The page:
Throttling Lands Australian ISP in Hot Water

Paul Lilly

There's a huge difference between 100Mbps and 64Kbps, and throttling the former to the latter has earned Austrian ISP "Optus" a date with a judge.

According to the Australian Competition and Consumer Commission (ACCC), Optus misled consumers with its "Supersonic" and "Think Bigger" broadband plans, violating the Trade Practices Act in the process. The ACCC points out 11 television, print, billboard, and Internet advertisements claiming the Supersonic services are "four times faster than standard broadband," but fail to disclose the almost dial-up speeds for users who chew through their monthly data limit.

The data caps sit at 50GB for peak hours (12am to 12pm) and 70GB for off-peak hours (12pm to 12am), and those who go over will see their supersonic 100Mbps throttled to a super slow 64Kbps. Absent, however, are any excess usage charges.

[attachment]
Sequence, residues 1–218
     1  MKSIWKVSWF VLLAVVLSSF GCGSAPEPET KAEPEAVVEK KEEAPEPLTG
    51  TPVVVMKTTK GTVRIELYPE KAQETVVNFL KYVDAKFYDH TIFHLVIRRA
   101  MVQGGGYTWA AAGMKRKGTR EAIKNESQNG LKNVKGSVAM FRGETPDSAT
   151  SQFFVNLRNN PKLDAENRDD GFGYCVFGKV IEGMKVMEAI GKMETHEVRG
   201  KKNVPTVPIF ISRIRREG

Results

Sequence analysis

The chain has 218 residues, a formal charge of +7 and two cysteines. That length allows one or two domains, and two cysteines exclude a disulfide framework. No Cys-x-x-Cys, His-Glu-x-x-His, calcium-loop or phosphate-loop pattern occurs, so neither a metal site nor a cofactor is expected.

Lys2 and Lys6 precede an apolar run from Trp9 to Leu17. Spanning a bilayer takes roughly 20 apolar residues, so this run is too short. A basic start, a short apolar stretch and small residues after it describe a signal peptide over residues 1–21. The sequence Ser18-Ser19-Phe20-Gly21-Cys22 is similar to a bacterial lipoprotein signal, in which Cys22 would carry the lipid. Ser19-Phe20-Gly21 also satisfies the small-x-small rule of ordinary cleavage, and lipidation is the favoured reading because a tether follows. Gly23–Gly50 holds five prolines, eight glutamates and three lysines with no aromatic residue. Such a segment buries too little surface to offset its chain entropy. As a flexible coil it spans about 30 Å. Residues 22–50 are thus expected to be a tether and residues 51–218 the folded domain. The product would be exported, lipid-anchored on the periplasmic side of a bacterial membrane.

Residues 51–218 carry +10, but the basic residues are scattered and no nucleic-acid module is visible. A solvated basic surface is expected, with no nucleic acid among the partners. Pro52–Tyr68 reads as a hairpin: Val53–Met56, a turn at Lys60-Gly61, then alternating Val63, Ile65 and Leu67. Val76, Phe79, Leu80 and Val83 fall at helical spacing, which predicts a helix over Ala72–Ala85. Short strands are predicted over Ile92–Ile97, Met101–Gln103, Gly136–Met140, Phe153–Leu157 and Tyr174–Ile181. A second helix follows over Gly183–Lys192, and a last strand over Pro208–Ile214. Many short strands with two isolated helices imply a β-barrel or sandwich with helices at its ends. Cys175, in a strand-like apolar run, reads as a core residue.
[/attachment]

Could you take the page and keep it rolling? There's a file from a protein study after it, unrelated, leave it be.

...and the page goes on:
Even so, the ACCC "alleges that Optus engaged in misleading or deceptive conduct and made false representations in relation to the advertising of certain broadband plans." To help with their case, regulators plan to call in an expert to examine the practical differences between 100Mbps and 64Kbps by going over what services and apps can be realistically be used on each speed grade.

This isn't the first time Optus' advertising practices have landed the company in hot water. Back in June, the ACCC took Optus to court on similar charges for using the word "unlimited" to describe voice and data plans that had usage caps and prices.

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